Symptoms of Neurological Disorders

If you present with these symptoms or others that may be neurological in nature, it will be important for your medical team to properly diagnose your condition. This will involve an understanding of your medical history and multiple exams. A physical examination will help gauge your muscle strength coordination, range of motion, and reflexes; another exam will look at your general levels of attention cognition, and sensation. Other things, like your balance or gait, may be assessed as well.

Diagnosis of Neurological Disorders

Based on these results, some scans or further diagnostic tests could be used to understand the severity of your diagnosis. However, some neurological problems, like those caused by a concussion, for example, may not appear on any scans.

What Conditions Can Benefit from Neurological Rehab?

Whether a condition is newly acquired, acute, chronic, or has gone a long time without treatment, it can be a candidate for neurological rehabilitation and physical therapy. It is important to understand if a condition is progressive and will worsen over time, requiring ongoing care, or if it will be reversed through treatment and maintain the healed state.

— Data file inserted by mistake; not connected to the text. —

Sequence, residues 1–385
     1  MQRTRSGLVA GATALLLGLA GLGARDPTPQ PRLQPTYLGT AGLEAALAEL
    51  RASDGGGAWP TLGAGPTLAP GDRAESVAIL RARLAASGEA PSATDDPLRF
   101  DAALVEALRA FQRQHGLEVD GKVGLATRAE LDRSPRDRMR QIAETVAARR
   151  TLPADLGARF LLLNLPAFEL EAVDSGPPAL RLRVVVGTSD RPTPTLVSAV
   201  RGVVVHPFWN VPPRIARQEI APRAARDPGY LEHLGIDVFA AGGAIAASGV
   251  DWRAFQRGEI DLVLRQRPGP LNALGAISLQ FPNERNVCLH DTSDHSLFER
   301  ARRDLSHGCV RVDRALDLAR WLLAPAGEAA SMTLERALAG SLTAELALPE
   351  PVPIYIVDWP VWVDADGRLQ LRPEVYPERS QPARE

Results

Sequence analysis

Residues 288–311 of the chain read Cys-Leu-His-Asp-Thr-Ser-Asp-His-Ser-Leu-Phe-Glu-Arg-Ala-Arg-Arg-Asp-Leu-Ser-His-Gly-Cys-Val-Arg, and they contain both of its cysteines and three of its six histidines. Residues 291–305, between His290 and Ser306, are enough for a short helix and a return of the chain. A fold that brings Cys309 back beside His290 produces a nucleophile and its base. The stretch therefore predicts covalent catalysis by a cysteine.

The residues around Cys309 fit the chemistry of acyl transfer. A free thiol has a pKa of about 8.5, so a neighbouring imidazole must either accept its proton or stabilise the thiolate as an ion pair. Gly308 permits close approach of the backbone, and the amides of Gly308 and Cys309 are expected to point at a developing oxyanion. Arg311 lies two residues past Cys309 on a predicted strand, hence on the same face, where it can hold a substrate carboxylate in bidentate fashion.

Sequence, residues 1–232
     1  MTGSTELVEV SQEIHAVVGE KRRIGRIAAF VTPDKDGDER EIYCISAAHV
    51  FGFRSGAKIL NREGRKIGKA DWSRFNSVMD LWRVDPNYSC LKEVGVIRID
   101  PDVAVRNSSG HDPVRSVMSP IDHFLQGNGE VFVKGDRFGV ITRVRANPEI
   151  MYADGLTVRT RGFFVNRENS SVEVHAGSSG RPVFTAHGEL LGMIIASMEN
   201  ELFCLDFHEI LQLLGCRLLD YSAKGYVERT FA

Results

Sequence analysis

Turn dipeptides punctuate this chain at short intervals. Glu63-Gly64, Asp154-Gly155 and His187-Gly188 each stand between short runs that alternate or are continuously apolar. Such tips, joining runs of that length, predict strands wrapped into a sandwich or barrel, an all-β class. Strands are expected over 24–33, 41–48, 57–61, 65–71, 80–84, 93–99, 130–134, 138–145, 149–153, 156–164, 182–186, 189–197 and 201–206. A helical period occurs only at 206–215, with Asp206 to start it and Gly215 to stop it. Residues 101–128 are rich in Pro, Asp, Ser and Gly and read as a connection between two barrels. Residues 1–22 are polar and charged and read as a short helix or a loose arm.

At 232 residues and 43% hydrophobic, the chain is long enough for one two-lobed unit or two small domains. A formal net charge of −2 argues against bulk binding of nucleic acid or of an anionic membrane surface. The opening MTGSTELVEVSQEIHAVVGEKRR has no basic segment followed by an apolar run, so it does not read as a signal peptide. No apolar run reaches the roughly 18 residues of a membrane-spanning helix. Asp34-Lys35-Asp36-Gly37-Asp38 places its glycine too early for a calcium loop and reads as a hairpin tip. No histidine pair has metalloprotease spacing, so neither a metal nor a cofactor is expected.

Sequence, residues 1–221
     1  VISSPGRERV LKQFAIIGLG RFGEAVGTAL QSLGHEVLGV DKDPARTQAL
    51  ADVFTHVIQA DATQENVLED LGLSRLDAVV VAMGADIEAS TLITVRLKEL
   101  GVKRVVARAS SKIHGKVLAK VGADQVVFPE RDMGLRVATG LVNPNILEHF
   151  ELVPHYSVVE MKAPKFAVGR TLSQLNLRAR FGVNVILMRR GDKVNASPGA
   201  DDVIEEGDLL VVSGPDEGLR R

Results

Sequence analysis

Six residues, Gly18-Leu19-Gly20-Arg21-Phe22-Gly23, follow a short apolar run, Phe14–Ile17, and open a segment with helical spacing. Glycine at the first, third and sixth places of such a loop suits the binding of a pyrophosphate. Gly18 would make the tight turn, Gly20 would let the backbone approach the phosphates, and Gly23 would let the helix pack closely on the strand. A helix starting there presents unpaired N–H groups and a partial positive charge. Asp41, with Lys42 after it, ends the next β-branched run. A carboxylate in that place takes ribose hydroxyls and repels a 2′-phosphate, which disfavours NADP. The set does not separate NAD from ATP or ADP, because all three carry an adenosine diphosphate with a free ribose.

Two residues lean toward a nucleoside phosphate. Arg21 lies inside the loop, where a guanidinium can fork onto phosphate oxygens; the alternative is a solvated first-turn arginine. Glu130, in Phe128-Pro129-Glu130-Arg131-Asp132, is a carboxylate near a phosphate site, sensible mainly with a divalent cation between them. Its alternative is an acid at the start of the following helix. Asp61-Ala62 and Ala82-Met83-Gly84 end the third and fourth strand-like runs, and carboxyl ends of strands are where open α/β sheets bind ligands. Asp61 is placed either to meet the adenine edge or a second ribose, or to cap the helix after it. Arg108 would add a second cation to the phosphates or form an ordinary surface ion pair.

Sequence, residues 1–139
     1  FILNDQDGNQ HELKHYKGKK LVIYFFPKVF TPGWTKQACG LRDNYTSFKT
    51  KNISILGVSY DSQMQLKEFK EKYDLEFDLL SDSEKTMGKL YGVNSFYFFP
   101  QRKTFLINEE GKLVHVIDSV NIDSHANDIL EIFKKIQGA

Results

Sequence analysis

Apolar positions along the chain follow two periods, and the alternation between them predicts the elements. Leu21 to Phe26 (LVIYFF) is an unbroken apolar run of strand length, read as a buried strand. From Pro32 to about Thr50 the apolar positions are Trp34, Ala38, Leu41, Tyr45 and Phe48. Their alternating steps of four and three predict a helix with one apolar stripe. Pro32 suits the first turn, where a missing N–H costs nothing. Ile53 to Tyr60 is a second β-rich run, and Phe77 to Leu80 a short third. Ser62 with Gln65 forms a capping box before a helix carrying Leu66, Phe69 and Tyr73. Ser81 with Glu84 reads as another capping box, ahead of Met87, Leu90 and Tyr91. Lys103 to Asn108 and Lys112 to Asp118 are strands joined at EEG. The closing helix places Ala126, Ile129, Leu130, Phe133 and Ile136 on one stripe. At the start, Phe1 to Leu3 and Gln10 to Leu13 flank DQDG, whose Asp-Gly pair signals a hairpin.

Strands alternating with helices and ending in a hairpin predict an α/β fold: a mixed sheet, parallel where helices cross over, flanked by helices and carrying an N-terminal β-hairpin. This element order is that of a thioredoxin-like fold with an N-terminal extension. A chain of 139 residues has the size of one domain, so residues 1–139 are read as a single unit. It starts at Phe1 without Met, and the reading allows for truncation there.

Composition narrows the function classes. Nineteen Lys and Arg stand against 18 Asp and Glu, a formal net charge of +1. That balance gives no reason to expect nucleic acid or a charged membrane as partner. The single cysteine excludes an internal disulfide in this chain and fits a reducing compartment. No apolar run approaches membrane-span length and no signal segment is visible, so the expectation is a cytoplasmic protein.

Some conditions commonly treated by neurological physical therapy include:

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Spinal Cord Injuries

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Yellow Hexagon


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Multiple Sclerosis

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Parkinson’s Disease

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Cerebral Palsy

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Als (Lou Gehrig’s Disease)

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Guillain-barre Syndrome

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Traumatic Brain Injuries

Many conditions will never be fully reversed by physical therapy, and the goal will be to prevent the worsening of the problem or regain some lost abilities. The extent to which strength is regained may vary based on a number of factors. However, many people see improvement with just one or two physical therapy sessions. A proper rehabilitation program will involve a series of regular sessions with your therapist in order to ensure these results are long-lasting and the body has completely adapted as needed.

What Are Follow-Up Requirements and Options?

For chronic conditions, physical therapy may be an ongoing activity for maintenance without a planned “last” session. More acute issues may have a set course of therapy. Both scenarios can include home exercises you are asked to do to maintain progress outside of the office. Many people will feel immediate improvement and stop their home exercises, landing them right back in their original condition.